It helps to plan ahead to attend a reputed university like the London School of Economics and Political Science. For help crafting a great application that meets the exact criteria that LSE is looking for in applicants, you can speak with alumni, your parents, your legal guardians, or even your friends.
You should be aware that your statement of purpose considerably affects your chances of being accepted, therefore let’s look at how to write an effective LSE personal statement in today’s article.
- About LSE
- An LSE Personal Statement’s Relevance
- Items To Include In Your Personal Statement
The LSE Personal Statement And It’s Importance
Before we get into the specifics of how to write your LSE personal statement, it’s important to brush up on your knowledge of the institution you’re applying to so that you can adjust your SOP to meet its requirements.
A public research university in London, England, The London School of Economics and Political Science is a constituent institution of the Federal Institution of London.
It is ranked second in the world for social sciences and management, and is recognized as a hub of academic accomplishment and innovation in the field. More than any other UK university, the LSE got a top 4 grade for 50% of all its research in the most recent Research Excellence Framework.
An LSE Personal Statement’s Relevance
The strength of an applicant’s personal statement is quite important at LSE. This is the applicant’s only opportunity to show that they are a good fit for the course as the university doesn’t conduct interviews for vacancies. We are all aware of the low admission rate for international students at LSE, therefore your ability to craft a compelling SOP will set you apart from the competition. Students should review both this advise and UCAS’s recommendations before getting ready to complete this part of their application.
Please remember that following the instructions on writing a personal statement does not ensure admission. There is intense competition for admission to LSE, and personal statements are assessed in comparison. The university does not accept further or additional personal statements. It only considers the personal statement submitted via UCAS.
Writing Your LSE Academic Statement of Purpose
When considering your personal statement, the selection committee will take into account how well your academic interests align with the LSE program. This is when research is useful. Given that LSE does not offer any ancient history units, an LSE personal statement that indicates a strong interest in current international history—the focus of LSE’s international history course—is more likely to be competitive than one that does.
It is advised that if you are applying to several different courses, you focus your personal statement on the areas where they overlap so that it is relevant to all of your UCAS options. Please be aware that LSE does not accept replacement or additional personal statements.
Make sure your personal statement is organized well, and that you utilize all of the space offered by UCAS. After you’ve written a rough draft of your personal statement, go back and double-check the grammar, punctuation, and spelling to make sure it makes sense. You can always experiment with new English words, just be careful not to let them distract from the main points of your LSE masters’ personal statement.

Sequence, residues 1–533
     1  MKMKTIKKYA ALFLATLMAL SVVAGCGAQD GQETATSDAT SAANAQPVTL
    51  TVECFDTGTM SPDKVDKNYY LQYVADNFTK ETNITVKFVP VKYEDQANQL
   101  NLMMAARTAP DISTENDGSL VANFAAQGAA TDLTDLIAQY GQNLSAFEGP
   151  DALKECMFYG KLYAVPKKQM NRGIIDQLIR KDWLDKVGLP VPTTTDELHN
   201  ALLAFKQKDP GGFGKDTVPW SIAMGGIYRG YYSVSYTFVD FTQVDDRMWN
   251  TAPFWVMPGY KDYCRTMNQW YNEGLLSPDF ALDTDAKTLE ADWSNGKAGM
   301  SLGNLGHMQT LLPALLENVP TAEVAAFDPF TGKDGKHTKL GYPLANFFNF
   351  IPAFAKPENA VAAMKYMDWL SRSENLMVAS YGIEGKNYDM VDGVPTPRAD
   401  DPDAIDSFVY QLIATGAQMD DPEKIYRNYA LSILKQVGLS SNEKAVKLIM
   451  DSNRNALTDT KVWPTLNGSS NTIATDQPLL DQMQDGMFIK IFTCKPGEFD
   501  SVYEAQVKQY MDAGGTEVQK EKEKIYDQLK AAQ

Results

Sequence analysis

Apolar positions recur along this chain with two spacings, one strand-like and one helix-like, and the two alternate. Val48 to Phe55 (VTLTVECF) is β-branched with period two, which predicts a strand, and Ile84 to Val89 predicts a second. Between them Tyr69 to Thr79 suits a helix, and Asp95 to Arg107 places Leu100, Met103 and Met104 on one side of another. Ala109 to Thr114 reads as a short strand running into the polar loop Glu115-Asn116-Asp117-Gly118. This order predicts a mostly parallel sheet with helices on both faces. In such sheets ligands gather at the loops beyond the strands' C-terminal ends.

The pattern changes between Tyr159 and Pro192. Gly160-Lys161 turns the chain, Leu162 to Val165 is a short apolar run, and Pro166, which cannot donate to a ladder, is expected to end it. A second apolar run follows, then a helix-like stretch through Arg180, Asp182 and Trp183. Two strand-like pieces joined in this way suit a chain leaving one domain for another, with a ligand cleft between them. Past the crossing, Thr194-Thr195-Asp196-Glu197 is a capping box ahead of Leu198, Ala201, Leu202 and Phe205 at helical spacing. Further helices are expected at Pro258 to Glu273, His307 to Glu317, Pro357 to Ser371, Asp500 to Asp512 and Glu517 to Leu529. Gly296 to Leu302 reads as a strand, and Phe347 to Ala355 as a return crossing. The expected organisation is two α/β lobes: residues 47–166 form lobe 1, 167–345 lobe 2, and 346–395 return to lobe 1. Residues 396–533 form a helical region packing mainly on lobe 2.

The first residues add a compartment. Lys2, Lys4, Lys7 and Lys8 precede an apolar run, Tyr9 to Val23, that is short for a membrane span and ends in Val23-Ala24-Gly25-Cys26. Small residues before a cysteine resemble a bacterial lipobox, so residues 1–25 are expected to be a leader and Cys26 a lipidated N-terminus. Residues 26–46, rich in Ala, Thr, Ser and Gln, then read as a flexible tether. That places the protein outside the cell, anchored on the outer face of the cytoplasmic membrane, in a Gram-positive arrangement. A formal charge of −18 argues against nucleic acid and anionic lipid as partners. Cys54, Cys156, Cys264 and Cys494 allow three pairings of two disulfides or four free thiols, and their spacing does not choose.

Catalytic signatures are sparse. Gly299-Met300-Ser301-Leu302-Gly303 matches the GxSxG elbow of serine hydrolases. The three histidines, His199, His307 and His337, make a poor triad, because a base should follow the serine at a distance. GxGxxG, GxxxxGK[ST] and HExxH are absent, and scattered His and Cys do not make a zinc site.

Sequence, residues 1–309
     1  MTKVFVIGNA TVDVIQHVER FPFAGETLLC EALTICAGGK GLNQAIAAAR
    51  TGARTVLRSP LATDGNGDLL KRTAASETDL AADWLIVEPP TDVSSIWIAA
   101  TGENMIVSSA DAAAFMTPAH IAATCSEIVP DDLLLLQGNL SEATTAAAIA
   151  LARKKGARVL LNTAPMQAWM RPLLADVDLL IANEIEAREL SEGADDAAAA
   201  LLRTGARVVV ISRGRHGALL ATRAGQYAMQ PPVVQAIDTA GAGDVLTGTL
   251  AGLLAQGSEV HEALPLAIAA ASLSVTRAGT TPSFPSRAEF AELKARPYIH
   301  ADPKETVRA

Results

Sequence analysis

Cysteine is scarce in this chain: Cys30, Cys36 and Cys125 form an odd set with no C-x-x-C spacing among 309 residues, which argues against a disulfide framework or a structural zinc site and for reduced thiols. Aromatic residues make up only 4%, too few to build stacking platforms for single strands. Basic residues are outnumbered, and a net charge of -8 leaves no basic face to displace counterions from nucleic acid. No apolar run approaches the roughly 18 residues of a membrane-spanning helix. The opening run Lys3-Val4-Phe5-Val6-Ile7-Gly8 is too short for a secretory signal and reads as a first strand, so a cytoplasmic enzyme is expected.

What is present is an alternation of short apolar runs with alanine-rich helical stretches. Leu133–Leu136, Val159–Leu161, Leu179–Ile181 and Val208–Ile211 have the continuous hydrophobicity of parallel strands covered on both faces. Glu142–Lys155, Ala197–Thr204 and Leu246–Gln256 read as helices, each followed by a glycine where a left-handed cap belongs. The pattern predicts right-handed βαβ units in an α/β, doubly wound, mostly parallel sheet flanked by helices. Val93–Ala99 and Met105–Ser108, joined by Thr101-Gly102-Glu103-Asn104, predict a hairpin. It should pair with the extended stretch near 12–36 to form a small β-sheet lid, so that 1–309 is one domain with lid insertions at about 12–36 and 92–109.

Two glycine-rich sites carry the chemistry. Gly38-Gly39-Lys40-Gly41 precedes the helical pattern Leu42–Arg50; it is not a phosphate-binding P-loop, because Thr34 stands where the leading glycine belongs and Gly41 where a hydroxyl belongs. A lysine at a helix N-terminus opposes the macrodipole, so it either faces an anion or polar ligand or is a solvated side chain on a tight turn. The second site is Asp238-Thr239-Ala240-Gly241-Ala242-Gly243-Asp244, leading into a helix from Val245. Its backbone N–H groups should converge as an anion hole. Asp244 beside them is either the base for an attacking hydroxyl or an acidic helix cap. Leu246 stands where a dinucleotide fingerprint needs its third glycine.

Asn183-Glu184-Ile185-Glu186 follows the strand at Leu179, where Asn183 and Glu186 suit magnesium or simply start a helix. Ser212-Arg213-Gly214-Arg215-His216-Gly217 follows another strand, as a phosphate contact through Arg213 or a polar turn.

Items To Include In Your Personal Statement
The focus of your personal statement should be on your intellectual enthusiasm for the program you want to attend.
Consider what the LSE requires of undergraduates as one strategy for writing your personal statement:
In their essays, LSE students are expected to discuss the ideas they have learned about topics related to their course that they have learned about through reading or other experiences.
The school looks for this competence in personal statements, and it is recommended that at least 80% of your statement be devoted to this kind of intellectual discussion.
How you show your larger interest in your subject is entirely up to you. Instead of focusing on students with the most opportunities, the institution looks for individuals who can best reflect on the experiences and intellectual ideas they have encountered as a result of the possibilities made available to them.
If you don’t know where to start, you might check out the prospectus for samples of suggested reading or listen to audio of LSE public events.
Keep in mind that the institution wants evidence that you have thought about the academic topics, not just a list of what you have read or done.
Questions That Your SOP Can Address
When composing your LSE personal statement, you might respond to the following inquiries:
- Why did you pick this specific course?
- Which elements of the subject have caught your attention sufficiently to inspire you to seek a degree in it?
- What are the main issues with the topic, and what about them most interests you?
- Have you developed a passion for a subject unrelated to your studies?
- What in the reading or lectures caught your interest, and what are your thoughts on the subjects covered?
- Have you had the opportunity to obtain employment that would be relevant to your application?
- Have you taken part in any LSE projects or activities, such as Saturday Schools, Summer Schools, LSE Choice, etc.?